Bernard Madoff was sentenced to serve 150 years in a federal prison after he pleaded guilty to orchestrating a $65 billion Ponzi scheme through his investment firm, plunging thousands of clients into emotional turmoil and financial ruin. The then-71-year-old entered a federal prison in North Carolina, where he reportedly felt safer than in New York City; his daughter-in-law claimed he wrote in a letter at one point, "As you can imagine, I am quite the celebrity, and am treated like a Mafia don."
"I’m terminally ill," Madoff told the Washington Post, referring to his kidney disease. "There’s no cure for my type of disease. So, you know, I’ve served. I’ve served 11 years already, and, quite frankly, I’ve suffered through it."
"[H]is dying wish is to salvage relationships with his grandchildren," according to the Post.
The Bureau of Prisons rejected his bid for an early release, with the general counsel writing, "His condition is considered terminal with a life expectancy of less than 18 months. However, Mr. Madoff is accountable of a loss to investors of over $13 billion. Accordingly, in light of the nature and circumstances of his offense, his release at this time would minimize the severity of his offense."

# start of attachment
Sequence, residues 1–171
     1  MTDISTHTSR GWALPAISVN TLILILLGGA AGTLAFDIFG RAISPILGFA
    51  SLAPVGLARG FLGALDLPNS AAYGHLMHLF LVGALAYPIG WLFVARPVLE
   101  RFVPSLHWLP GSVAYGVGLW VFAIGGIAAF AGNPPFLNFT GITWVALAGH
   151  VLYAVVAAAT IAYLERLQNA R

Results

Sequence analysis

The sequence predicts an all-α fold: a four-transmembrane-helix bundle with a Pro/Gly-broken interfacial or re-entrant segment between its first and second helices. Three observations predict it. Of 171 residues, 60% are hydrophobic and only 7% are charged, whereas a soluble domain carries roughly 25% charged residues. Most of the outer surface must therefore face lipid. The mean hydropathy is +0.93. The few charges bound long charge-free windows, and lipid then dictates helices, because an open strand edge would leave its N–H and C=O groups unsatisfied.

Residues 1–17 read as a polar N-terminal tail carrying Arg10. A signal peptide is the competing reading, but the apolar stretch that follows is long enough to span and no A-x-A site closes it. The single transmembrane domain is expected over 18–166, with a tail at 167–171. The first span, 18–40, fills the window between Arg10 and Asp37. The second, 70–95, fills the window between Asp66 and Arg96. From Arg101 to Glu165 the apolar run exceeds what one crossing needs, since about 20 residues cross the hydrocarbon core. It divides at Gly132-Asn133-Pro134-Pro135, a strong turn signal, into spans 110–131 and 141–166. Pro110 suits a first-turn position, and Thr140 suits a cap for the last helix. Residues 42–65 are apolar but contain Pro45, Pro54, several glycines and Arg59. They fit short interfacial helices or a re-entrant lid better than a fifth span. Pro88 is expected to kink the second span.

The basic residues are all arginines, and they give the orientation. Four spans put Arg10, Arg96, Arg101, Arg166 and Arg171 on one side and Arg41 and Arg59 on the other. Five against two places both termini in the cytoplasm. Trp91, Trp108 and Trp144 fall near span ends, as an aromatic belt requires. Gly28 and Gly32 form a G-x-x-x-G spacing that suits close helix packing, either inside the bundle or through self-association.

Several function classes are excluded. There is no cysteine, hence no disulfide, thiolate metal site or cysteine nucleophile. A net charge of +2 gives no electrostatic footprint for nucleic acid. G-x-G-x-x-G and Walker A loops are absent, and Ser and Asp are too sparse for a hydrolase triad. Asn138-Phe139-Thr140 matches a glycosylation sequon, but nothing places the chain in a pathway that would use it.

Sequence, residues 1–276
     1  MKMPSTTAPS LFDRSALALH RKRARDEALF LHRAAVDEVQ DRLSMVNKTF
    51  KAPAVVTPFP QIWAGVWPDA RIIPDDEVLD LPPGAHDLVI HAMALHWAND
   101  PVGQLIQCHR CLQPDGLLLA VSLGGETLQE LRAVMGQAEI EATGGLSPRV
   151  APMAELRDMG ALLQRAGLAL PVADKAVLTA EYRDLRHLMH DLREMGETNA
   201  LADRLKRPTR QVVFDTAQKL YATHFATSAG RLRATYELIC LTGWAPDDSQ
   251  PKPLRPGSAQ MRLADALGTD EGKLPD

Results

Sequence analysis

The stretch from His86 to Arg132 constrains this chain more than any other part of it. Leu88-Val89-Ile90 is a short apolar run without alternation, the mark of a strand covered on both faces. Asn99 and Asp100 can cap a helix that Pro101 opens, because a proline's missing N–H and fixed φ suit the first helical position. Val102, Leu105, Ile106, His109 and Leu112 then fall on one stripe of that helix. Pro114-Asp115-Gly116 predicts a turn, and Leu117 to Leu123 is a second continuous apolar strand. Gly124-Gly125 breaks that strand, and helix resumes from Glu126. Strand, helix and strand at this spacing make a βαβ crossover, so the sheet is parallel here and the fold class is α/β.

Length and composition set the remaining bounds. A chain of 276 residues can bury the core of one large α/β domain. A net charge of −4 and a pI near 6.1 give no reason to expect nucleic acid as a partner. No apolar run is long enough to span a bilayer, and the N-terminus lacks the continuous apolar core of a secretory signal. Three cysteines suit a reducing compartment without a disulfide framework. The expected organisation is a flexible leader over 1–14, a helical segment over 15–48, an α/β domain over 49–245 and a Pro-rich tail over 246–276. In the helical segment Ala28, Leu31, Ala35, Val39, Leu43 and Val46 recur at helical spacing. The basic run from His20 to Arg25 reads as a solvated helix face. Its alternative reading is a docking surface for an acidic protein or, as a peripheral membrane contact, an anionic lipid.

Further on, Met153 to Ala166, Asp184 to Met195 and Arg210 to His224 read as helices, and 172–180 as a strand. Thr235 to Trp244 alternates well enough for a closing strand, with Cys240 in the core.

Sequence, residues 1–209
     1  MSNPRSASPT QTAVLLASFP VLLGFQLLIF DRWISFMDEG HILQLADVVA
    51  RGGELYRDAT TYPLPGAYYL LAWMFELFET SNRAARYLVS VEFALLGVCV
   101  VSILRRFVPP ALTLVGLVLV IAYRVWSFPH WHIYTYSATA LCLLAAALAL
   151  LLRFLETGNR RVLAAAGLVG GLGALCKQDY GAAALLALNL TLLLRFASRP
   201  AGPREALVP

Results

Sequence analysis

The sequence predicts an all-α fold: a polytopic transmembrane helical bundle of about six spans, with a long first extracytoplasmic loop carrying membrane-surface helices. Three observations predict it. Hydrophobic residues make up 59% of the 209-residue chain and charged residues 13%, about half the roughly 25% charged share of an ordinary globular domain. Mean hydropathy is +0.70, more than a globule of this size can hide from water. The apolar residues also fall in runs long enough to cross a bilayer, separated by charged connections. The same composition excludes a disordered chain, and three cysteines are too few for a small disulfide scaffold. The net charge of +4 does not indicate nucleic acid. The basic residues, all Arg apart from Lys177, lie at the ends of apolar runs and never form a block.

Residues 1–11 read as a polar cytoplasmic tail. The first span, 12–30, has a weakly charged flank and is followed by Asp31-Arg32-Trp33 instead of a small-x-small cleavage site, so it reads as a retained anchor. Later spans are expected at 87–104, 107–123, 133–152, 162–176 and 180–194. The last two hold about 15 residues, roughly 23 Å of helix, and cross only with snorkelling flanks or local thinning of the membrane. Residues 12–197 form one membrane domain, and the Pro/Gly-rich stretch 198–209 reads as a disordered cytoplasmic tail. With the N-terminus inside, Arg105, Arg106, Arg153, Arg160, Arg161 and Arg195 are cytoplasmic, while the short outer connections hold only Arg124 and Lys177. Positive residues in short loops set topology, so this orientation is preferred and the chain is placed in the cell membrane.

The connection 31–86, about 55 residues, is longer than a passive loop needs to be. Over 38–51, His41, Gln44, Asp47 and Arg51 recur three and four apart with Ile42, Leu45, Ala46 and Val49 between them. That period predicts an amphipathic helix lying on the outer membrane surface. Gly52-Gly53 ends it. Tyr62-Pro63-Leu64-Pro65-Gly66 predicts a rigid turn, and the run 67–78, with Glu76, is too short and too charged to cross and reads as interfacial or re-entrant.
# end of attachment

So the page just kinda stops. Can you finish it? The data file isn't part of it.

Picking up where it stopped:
During the sentencing, Madoff's lawyer had recommended a 12-year sentence. However, the judge, U.S. Circuit Judge Denny Chin, wanted something symbolic to capture the scope and longevity of the scam. The NY Times analyzed Chin's thinking after the sentence was handed down:
By the time Judge Chin entered his chambers the morning of Monday, June 29, he had decided what his draft was missing, he said. In explaining how the 150-year sentence was symbolically important, he had neglected to include a third, crucial reason: retribution. “A defendant should get his just deserts,” he remembered thinking.
He had an intern quickly research relevant cases; he reviewed them and began writing, adding about 100 words to the draft. He recalled that as he had thought about Mr. Madoff’s conduct, two words came to mind: “extraordinarily evil.” He put them in his draft.
“One of the traditional notions of punishment,” he wrote, “is that an offender should be punished in proportion to his blameworthiness.” Mr. Madoff’s crimes were “extraordinarily evil,” he added. In a society governed by the rule of law, he wrote, the message had to be sent that Mr. Madoff would “get what he deserves,” and would be “punished according to his moral culpability.”